Conclusion: The well-being benefits associated with sense of purpose in adulthood may depend on future time perspective. Findings are discussed in the context of how purpose can be harnessed to enhance well-being even when older adults feel that their time left is limited.
View Article and Find Full Text PDF

Download full-text PDF

Source
http://dx.doi.org/10.1080/13607863.2021.1891203DOI Listing
March 2021

Video chatting and appearance satisfaction during COVID-19: Appearance comparisons and self-objectification as moderators.

Int J Eat Disord 2020 12 21;53(12):2038-2043. Epub 2020 Oct 21.

Social Science Division, Pepperdine University, Malibu, California, USA.

Objective: As video chatting has emerged as a leading form of communication for work, education, and socialization during the COVID-19 pandemic, it is important to investigate the association between video chatting and appearance satisfaction.

Method: Participants included women from the United States (n = 438; age: M = 31.3, SD = 12.71) who completed measures examining their use of video chatting services, self-objectification, video chatting appearance comparison, and appearance satisfaction.

Results: The total time spent on video chatting services was not associated with appearance satisfaction; however, self-objectification moderated the relationship between total hours of video chatting and appearance satisfaction. In addition, participants who engaged in more video chatting appearance comparisons reported lower face and body satisfaction. Furthermore, video chatting appearance comparison was associated with more frequent usage of certain Zoom features, such as the "touch up my appearance" feature, and more time spent looking at oneself on video calls. Finally, those who spent more time engaged with their families over video chatting services reported greater face and body satisfaction.

Discussion: The results of the current study demonstrate that time spent video chatting is not predictive of appearance satisfaction, but that self-objectification can exacerbate these associations.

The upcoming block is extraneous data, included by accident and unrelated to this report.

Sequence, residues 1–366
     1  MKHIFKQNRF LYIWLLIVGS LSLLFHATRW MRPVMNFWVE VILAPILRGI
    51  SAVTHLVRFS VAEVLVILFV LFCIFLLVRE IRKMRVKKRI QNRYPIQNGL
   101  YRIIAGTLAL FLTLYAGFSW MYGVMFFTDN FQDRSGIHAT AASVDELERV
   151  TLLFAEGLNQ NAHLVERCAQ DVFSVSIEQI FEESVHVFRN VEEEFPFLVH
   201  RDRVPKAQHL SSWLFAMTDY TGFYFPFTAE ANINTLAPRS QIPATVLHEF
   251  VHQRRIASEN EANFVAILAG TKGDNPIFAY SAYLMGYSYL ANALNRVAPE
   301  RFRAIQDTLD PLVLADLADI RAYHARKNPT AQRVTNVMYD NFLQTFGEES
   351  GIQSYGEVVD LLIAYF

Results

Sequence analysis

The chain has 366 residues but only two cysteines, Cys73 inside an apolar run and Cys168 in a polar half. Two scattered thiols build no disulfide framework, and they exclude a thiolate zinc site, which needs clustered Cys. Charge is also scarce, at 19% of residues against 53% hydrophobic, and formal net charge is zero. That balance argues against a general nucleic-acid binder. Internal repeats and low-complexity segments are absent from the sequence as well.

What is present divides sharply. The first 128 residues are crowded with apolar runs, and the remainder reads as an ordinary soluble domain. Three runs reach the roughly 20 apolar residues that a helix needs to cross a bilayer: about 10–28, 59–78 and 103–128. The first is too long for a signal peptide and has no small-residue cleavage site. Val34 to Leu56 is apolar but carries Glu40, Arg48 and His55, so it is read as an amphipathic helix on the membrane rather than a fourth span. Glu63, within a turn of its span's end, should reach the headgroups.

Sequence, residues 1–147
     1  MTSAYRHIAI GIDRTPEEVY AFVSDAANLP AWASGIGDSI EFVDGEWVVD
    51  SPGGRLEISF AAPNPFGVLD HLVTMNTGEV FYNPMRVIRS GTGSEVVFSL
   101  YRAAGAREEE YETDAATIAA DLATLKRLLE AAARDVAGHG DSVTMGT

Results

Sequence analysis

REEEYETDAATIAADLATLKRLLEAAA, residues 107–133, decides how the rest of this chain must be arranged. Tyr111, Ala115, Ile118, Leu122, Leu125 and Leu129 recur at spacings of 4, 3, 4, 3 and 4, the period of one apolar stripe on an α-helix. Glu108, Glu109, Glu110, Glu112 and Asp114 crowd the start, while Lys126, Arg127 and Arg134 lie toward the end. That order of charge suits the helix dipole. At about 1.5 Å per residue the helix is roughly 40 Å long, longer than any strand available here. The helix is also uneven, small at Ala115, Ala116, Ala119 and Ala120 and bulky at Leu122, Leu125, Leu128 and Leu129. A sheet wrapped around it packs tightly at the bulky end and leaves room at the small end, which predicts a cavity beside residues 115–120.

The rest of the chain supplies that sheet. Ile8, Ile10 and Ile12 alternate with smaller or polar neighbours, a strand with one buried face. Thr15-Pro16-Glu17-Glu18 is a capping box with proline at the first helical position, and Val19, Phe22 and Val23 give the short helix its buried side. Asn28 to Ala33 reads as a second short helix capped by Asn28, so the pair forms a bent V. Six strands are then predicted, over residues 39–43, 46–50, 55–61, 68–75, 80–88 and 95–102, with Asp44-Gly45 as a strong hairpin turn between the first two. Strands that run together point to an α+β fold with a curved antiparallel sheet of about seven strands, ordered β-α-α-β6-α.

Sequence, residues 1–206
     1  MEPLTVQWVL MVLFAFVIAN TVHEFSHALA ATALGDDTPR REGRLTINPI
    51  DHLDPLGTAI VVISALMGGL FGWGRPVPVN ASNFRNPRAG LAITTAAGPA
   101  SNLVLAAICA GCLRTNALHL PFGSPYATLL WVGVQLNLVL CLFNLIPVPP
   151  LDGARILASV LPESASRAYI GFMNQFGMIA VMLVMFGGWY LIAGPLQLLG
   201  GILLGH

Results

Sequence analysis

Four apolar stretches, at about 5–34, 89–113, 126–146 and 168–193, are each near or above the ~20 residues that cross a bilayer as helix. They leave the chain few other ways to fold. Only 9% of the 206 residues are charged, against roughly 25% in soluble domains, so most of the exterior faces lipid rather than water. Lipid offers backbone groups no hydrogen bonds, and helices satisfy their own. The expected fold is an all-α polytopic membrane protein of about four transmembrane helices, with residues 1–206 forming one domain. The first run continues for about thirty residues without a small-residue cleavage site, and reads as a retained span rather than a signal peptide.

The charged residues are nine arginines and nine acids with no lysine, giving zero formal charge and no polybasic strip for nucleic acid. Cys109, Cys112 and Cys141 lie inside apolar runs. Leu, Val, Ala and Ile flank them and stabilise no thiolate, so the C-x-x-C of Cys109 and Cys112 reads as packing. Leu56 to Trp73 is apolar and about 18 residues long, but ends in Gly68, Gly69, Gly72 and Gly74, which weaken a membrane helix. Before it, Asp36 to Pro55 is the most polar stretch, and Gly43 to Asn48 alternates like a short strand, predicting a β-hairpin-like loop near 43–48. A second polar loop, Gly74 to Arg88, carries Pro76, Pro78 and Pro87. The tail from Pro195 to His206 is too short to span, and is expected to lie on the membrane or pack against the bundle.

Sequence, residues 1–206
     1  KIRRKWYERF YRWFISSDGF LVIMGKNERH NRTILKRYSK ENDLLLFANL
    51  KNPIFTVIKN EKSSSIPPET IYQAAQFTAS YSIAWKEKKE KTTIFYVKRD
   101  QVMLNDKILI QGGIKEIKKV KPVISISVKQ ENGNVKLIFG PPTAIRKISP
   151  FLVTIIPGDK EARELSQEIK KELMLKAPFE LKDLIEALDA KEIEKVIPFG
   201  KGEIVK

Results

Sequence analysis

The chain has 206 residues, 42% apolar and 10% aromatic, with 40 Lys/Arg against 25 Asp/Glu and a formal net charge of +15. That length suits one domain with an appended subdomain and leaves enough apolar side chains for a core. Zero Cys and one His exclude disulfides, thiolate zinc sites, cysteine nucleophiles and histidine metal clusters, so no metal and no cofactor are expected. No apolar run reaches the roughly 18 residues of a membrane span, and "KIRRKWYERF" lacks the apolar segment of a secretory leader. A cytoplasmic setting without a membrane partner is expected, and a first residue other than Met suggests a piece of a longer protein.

View Article and Find Full Text PDF

Download full-text PDF

Source
http://dx.doi.org/10.1002/eat.23393DOI Listing
December 2020

Attaching a new perspective to the associations between marriage and immune functioning: Comment on Kiecolt-Glaser (2018).

Am Psychol 2020 01;75(1):108-110

Department of Psychological and Brain Sciences.

Comments on an article by J. K. Kiecolt-Glaser (see record 2018-62311-007). Kiecolt-Glaser (2018) provided a valuable review of how negative relationship behaviors can impact immune system functioning. However, by considering how dispositional characteristics may impact the literature linking romantic relationships to immune system changes, one may take a new perspective on her review. This comment provides an overview of how individual differences in attachment may be used to predict immune system functioning, as well as the relationship behaviors that are said to initiate changes to the immune system. We conclude by outlining the ways in which Kiecolt-Glaser's review can be used to advance research examining the links between attachment and health. (PsycINFO Database Record (c) 2020 APA, all rights reserved).
View Article and Find Full Text PDF

Download full-text PDF

Source
http://dx.doi.org/10.1037/amp0000491DOI Listing
January 2020